IACS Conference 2015


Undercurrents: Unearthing Hidden Social and Discursive Practices

DATES:7-9 August 2015

VENUE: Airlangga University, Surabaya, Indonesia

ORGANIZERS: Inter-Asia Cultural Studies Society, University of Indonesia and Airlangga University

KEYNOTE SPEAKER: Prof. Abidin Kusno, University of British Columbia, Canada


  1. Courting ecological disaster: movement, subversion, corruption
  2. Para-sites: Alternative space and knowledge production
  3. ‘Free man’, mafia and underground economy
  4. Healing and killing: ‘pharmakon’ and alternative modernity
  5. Uncharted border, illegitimate transnationality, diaspora
  6. Voices of the supernatural: ghosts, cults, spirit mediums
  7. Challenging urbanity: rural, underclass, urban guerillas
  8. Theorizing emergent movements: arts, youth, social media, politics
  9. Surviving political violence: memory, narratives, performativity
  10. Secrecy, blasphemy, laughter and promiscuity: grafting unsacred codes
  11. Performing sexuality: communities and practices
  12. Fetishizing the culinary: ‘foodporn’ and the body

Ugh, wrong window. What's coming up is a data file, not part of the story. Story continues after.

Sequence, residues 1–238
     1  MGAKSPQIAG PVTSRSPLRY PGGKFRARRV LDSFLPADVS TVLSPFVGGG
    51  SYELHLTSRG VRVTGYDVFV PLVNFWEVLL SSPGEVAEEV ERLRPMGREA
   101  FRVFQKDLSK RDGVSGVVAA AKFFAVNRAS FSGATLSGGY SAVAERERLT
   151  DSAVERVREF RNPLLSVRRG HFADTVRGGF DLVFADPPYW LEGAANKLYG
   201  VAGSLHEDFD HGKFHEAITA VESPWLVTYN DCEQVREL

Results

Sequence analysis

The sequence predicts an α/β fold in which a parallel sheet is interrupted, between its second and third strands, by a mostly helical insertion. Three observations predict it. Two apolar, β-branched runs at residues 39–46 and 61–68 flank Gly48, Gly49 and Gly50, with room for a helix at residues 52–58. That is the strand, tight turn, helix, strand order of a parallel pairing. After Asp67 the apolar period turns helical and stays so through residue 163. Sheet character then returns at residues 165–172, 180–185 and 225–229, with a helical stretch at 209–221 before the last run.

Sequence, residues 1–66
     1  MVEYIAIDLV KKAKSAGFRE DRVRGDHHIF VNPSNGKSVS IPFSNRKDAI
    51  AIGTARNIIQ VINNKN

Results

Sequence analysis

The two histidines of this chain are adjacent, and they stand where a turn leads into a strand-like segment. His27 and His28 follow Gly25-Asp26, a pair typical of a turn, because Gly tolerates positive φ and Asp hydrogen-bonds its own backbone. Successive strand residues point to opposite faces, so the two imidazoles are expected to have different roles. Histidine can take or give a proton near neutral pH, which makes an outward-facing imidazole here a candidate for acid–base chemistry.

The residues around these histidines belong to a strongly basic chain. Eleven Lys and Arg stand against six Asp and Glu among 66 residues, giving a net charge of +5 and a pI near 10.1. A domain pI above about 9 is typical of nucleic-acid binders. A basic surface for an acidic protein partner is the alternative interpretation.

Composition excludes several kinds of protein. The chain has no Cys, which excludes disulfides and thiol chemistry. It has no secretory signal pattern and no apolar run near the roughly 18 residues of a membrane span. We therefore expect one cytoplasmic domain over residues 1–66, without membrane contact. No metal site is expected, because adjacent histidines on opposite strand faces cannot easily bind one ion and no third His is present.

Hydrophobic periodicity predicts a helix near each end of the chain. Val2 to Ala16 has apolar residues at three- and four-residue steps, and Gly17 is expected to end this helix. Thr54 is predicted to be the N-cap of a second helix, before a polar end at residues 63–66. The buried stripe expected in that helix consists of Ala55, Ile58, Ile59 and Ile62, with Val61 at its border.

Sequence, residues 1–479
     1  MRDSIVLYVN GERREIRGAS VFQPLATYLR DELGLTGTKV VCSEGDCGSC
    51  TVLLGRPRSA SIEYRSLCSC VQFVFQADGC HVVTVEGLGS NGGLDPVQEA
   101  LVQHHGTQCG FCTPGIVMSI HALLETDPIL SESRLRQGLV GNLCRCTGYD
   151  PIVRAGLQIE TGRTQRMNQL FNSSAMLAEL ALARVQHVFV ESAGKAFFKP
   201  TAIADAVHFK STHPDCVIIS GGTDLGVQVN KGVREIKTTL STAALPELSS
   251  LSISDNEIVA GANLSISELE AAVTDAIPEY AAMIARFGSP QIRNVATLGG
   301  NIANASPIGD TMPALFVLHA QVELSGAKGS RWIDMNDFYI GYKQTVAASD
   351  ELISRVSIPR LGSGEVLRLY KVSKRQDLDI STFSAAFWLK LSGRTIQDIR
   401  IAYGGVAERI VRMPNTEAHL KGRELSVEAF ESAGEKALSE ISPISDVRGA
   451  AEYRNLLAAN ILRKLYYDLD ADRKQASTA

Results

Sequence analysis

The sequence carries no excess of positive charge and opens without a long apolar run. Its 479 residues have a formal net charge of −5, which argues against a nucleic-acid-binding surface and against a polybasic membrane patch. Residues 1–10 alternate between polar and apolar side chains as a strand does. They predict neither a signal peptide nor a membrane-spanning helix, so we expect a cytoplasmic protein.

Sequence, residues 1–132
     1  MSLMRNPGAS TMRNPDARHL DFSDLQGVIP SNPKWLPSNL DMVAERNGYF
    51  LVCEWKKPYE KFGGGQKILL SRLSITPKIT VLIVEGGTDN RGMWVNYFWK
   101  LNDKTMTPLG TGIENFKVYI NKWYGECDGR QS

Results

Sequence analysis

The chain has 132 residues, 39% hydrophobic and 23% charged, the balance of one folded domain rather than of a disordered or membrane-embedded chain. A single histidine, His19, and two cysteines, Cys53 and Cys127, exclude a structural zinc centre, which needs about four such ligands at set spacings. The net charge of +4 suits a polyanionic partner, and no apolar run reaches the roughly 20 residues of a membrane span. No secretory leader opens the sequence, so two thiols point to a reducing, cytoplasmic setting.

Why was the city of Surabaya chosen to host our 2015 IACS Conference? Surabaya plays a critical role in the development of grassroots movements in Indonesia. The country’s struggle for independence from the Dutch colonialism reached its peak with the famed November 10 Battle against the Dutch Army in Surabaya (celebrated as Indonesia’s Memorial Day). The city is also well-known for its multicultural, vibrant, and egalitarian denizens.  The rural-urban and boundary-crossing dynamics of this 700-year-old port city is indisputable. It becomes a perfect venue for our conference due to the widely-recognized creativity of its inhabitants in seeking innovative solutions to life problems that the mainstream power structures cannot accommodate in the economic, social, cultural, and political realms. In recent years, Surabaya has impressed the international public in Southeast Asia, as well as Asia, for its pioneering capability of transforming polluted industrial zones marked by densely populated slum areas into a city dazzlingly characterized by dominant public green spaces.


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Pesona-Pantai-KanjeranCheng_Hoo_MosqueSurabaya is also curiously located very close to the epicenter of the uncontainable underground geological eruptions: the renown – albeit infamous – Lapindo Mud. These eruptions, as well as the prolonged suffering and unyielding struggle of the people affected by the mud flood in seeking reparative justice and steadfastly fighting against the existing power structures, have inspired Cultural Studies scholars both locally and nation-wide. The Lapindo case maintains a symbolic significance as it underscores the intersectionality of ecology, Cultural Studies, and complex, multi-dimensional cultural movements.

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